The Langley name is remembered locally by having several streets, Langley Road, Langley Mill, and Langley housing estate in Middleton named after the family. Agecroft Hall Estate is a recently built housing estate on Agecroft Road (A6044), named after the hall.

Industrial Revolution[edit]

Pendlebury saw extensive coal extraction until the closure of Agecroft Colliery in the 1990s. The Wheatsheaf Colliery was on Bolton Road between Carrington Street and City Walk on what is now the Wheatsheaf Industrial Estate and Newtown Colliery (on the Clifton/Newtown, Pendlebury boundary, bounded by Manchester Road/Bolton Road (A666), Billy Lane, Rake Lane and the pit lodge, which later became known as "Queensmere"). Agecroft Colliery reopened in 1960 following an investment of £9,000,000 and seven years of establishment works, making it the first new pit to be sunk in Lancashire since the Second World War.[citation needed] Agecroft stood on the site of Lumn's Colliery which had an unusual arrangement of winding gear concealed in three huge towers - the tallest of which was 174 feet (53 m) high and which was abandoned in 1932. Agecroft Colliery sent much of its coal to the CEGB's Agecroft Power Station, via a conveyor belt system that crossed a bridge over Agecroft Road. Mining finished in 1990, and the Agecroft Colliery site is now home to the Agecroft Commerce Park.

The Kearsley, Clifton, Pendlebury and Pendleton Miners' Association was established in 1888 and became the Pendlebury Branch of the National Union of Mineworkers in 1959. With the decline of the industry, the once popular Pendlebury Miners' Club (at the top of Temple Drive, Swinton) was inevitably demolished in the 1990s.

Governance[edit]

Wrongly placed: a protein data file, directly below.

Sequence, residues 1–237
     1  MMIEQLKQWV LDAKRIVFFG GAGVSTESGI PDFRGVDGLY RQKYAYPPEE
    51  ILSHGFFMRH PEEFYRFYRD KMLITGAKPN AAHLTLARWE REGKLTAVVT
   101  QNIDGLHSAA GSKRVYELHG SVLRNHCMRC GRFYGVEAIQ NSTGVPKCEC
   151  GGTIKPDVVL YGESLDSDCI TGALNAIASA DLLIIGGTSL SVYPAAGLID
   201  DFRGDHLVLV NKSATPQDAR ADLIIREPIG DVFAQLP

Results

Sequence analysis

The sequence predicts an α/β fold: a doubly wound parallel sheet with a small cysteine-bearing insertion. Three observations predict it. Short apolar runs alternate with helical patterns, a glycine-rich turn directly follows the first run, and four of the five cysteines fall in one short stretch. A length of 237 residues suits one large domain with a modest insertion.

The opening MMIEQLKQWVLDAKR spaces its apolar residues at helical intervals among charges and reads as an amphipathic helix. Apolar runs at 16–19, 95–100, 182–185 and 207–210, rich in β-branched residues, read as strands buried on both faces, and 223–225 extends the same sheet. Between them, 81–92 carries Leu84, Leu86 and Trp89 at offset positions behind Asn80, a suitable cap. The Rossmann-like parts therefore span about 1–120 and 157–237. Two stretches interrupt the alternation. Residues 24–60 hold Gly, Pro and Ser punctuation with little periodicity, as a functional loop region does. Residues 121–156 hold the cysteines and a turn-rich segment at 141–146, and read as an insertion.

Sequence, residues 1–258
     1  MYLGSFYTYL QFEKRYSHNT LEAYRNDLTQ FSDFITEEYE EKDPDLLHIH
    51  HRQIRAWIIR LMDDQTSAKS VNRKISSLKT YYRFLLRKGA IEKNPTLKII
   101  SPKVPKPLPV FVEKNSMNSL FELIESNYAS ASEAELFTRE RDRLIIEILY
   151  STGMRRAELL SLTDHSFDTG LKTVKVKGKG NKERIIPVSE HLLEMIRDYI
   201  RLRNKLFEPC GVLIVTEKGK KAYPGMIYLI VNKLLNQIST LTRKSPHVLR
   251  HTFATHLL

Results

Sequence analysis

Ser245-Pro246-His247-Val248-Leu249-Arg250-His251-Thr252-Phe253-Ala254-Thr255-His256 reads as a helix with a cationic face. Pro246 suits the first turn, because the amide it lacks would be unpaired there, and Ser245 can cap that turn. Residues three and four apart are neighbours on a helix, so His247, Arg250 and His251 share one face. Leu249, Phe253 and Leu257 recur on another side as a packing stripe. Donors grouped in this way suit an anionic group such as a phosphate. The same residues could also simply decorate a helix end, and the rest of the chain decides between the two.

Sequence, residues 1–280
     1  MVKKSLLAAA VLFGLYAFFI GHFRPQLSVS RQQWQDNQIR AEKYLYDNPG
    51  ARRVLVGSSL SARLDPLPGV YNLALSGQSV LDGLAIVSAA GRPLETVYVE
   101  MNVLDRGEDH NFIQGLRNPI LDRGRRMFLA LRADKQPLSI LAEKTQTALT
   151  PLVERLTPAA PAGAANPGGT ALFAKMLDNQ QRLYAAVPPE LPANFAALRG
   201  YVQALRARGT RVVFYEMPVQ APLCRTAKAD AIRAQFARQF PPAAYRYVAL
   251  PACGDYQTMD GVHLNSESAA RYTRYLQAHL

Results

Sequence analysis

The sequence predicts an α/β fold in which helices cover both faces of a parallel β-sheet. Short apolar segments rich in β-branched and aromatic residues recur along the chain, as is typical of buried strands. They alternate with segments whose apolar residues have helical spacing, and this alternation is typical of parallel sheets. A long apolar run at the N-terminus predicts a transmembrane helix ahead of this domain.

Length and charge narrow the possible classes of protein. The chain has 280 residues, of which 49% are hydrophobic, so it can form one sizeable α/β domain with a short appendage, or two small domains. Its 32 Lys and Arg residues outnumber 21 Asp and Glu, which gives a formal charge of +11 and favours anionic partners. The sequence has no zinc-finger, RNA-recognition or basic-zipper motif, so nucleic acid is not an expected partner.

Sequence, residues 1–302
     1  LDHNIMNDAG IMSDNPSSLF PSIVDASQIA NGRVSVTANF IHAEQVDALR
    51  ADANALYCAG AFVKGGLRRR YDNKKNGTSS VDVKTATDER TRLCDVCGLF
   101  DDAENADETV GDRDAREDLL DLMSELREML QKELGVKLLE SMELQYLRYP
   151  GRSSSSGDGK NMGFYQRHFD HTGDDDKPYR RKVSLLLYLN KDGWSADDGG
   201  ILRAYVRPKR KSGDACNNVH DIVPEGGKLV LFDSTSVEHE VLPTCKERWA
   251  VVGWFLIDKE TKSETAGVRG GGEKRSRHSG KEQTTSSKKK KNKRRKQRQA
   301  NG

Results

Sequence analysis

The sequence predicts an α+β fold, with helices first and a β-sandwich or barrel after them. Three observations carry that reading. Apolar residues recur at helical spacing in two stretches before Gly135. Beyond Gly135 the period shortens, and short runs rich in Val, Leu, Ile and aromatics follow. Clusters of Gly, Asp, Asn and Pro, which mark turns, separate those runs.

The coat of arms of the former Swinton and Pendlebury Municipal Borough Council. Swinton and Pendlebury was incorporated as a municipal borough in 1934.

Pendlebury was joined with Swinton in 1875 to form a local board of health area and was later governed by the Swinton and Pendlebury Urban District Council.[3] Incorporation of Clifton into the Municipal Borough of Swinton and Pendlebury was a result of the abolition of the predecessor, Barton-upon-Irwell Urban District.

Swinton and Pendlebury was a municipal borough of the administrative county of Lancashire, which contained Pendlebury, Swinton and Clifton. It received a Charter of Incorporation from the 18th Earl of Derby on 29 September 1934 at a ceremony in Victoria Park, Swinton when council meetings were held in Victoria House in the park. The new borough council required larger premises and launched a competition to design a new town hall. The winners were architects Sir Percy Thomas and Ernest Prestwich. The site of Swinton Industrial Schools on Chorley Road in Swinton was purchased for £12,500 and the foundation stone of the new town hall laid on 17 October 1936. It opened on 17 September 1938 and since 1 April 1974 has been the administrative headquarters of the enlarged Salford City Council.

The Borough of Swinton and Pendlebury was amalgamated into the City of Salford in 1974 as a result of local government reforms.

In terms of parliamentary representation, the town was until 2010 part of the Eccles constituency. Since then it has been part of the Salford and Eccles constituency.

Geography[edit]

Pendlebury is situated on a ridge overlooking the lower Irwell Valley, almost midway between Manchester and Bolton and is neighboured by Irlams o' th' Height, Pendleton and Clifton. The surface of the land slopes generally upwards from southwest (Swinton) to northeast (Irwell Valley), from about 120 feet (37 m) to nearly 300 feet (91 m) above the ordnance datum.[3] However, the topography of the land around Lumn's Lane has changed due to the dumping of mining waste from the former collieries and the area has been used as a landfill site by the Greater Manchester Waste Disposal Authority since 1982, taking ten percent of Greater Manchester's waste each year.[6]

The town has a mix of industrial and residential areas despite the closure of its mines and most of its cotton mills.

Economy[edit]

In the 19th century the manufacture and printing of cottons were the principal industries of the town,[3] although most of these industries have disappeared. The only mill left is the Newtown Mill on Lees Street. It was acquired by Vanguard Holdings Ltd in January 2008 and converted into a business centre.